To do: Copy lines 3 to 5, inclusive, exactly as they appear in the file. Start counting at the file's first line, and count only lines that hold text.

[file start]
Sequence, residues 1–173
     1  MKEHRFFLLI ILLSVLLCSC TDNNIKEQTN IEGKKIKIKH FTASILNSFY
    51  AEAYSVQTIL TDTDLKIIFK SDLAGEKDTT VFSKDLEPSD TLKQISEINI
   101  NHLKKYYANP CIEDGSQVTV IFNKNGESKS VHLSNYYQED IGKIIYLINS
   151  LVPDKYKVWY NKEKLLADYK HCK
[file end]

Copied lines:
    51  AEAYSVQTIL TDTDLKIIFK SDLAGEKDTT VFSKDLEPSD TLKQISEINI
   101  NHLKKYYANP CIEDGSQVTV IFNKNGESKS VHLSNYYQED IGKIIYLINS
   151  LVPDKYKVWY NKEKLLADYK HCK